John Murphy - Importance of WW2 veteran experience

Running time
2 min 18 sec
Department of Veterans' Affairs


A bit of a difference in some of the things in the Australian army. They had a light machine gun which was called a Bren gun and we were trained with a Lewis gun but it didn't take long to work out what the difference was. I graduated to a Bren gun and I finished up in the 3rd Battalion and I found out that the Australian soldiers were very good as far as the old ones, you know, there was a lot in K-Force who were Second World War veterans and rejoined up for various reasons, some probably didn't quite fit back into modern society as it was then and decided to have a go again in Korea and they were pretty good because they knew exactly what the war was about and blokes like me who did have army experience but not battle experience they kind of shielded us a bit gave us some hints, what to expect and what to do and how to work things out, so I found that very good.

On top of that my father served at Gallipoli. He was with an Irish regiment in the British army and he served alongside the Australians at Gallipoli and he used to tell me what the Australians were like, you know, they were well respected as some of the top soldiers in the Second World War [sic] especially at Gallipoli and of course that always stuck in my mind when I came out here. On account of that I worked with the ones who were with me in Korea.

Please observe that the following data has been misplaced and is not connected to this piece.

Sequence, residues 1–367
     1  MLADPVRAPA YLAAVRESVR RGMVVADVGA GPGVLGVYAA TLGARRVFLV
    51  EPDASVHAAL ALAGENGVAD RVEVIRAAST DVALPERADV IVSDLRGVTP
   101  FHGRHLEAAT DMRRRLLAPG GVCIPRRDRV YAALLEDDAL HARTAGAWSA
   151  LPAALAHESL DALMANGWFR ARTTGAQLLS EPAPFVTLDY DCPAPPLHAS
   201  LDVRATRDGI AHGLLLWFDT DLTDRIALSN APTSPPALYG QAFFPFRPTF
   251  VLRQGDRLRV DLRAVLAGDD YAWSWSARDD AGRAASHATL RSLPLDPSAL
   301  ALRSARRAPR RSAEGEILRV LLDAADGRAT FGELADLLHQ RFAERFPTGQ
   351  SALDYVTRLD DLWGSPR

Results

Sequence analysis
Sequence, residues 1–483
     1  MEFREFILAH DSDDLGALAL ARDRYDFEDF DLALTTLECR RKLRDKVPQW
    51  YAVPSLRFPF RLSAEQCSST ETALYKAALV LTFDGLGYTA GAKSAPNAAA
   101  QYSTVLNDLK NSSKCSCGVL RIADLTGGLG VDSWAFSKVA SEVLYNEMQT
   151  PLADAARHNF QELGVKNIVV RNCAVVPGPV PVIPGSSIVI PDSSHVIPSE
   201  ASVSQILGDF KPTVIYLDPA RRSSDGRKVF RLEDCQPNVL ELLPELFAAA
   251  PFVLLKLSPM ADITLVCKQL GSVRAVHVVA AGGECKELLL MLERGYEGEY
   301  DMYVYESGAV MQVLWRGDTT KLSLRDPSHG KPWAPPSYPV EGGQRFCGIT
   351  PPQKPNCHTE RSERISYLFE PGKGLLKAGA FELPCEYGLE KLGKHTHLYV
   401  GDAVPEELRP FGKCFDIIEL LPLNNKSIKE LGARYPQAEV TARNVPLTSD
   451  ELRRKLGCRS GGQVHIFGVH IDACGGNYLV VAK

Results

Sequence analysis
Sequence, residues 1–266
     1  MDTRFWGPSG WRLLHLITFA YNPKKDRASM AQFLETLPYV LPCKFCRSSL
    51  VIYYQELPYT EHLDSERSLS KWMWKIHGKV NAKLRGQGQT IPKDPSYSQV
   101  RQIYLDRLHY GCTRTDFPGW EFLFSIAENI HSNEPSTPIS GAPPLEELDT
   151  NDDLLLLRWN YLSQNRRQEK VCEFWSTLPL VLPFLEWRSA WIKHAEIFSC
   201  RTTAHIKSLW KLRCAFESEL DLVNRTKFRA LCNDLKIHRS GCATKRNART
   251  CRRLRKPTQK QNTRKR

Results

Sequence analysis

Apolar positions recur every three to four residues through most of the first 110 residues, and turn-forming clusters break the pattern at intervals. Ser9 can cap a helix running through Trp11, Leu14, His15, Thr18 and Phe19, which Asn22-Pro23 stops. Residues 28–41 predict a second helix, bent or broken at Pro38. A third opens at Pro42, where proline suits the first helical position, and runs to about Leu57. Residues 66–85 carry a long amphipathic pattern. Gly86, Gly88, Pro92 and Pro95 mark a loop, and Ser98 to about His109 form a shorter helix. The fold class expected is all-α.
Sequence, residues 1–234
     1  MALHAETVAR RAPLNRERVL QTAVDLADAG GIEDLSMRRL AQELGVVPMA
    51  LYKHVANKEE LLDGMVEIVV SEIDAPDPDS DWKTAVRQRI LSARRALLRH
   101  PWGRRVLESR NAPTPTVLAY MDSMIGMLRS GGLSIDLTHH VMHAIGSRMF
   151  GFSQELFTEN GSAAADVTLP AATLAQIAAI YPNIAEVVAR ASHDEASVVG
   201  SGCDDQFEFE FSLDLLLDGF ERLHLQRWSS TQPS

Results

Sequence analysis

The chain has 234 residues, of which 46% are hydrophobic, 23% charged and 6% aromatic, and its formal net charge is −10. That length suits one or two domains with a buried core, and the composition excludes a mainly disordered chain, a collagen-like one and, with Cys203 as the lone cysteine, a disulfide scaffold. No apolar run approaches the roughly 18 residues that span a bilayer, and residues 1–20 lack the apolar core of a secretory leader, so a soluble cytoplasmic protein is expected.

They were not hard to get along with, you know, the Irish seemed to have a bit of a rapport with them, so I was pretty lucky, in a way, that I fitted in, put it that way and I never regretted it. Went through, I was wounded at Kapyong I'd I've been pretty well looked after since then by the Department of Veterans' Affairs, they made me a TPI so I've been looked after during the war and a long, long time after the war.

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